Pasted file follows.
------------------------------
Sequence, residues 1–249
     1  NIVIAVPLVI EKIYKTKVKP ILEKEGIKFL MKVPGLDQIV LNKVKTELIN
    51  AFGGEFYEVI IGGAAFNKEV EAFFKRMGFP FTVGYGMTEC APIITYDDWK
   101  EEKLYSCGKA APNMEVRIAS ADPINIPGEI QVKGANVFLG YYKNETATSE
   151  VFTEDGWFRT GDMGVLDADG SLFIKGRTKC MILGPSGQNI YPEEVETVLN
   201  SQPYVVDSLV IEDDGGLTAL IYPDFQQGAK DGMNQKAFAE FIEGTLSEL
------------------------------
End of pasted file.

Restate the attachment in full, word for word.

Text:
Sequence, residues 1–249
     1  NIVIAVPLVI EKIYKTKVKP ILEKEGIKFL MKVPGLDQIV LNKVKTELIN
    51  AFGGEFYEVI IGGAAFNKEV EAFFKRMGFP FTVGYGMTEC APIITYDDWK
   101  EEKLYSCGKA APNMEVRIAS ADPINIPGEI QVKGANVFLG YYKNETATSE
   151  VFTEDGWFRT GDMGVLDADG SLFIKGRTKC MILGPSGQNI YPEEVETVLN
   201  SQPYVVDSLV IEDDGGLTAL IYPDFQQGAK DGMNQKAFAE FIEGTLSEL